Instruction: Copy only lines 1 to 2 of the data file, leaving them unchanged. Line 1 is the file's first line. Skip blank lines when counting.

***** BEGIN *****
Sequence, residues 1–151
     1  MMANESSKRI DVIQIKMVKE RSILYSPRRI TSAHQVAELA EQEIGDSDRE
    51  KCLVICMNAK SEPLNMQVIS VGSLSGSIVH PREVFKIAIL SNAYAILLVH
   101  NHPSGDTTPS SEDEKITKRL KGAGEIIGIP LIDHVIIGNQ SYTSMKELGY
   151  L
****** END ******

Sequence, residues 1–151
     1  MMANESSKRI DVIQIKMVKE RSILYSPRRI TSAHQVAELA EQEIGDSDRE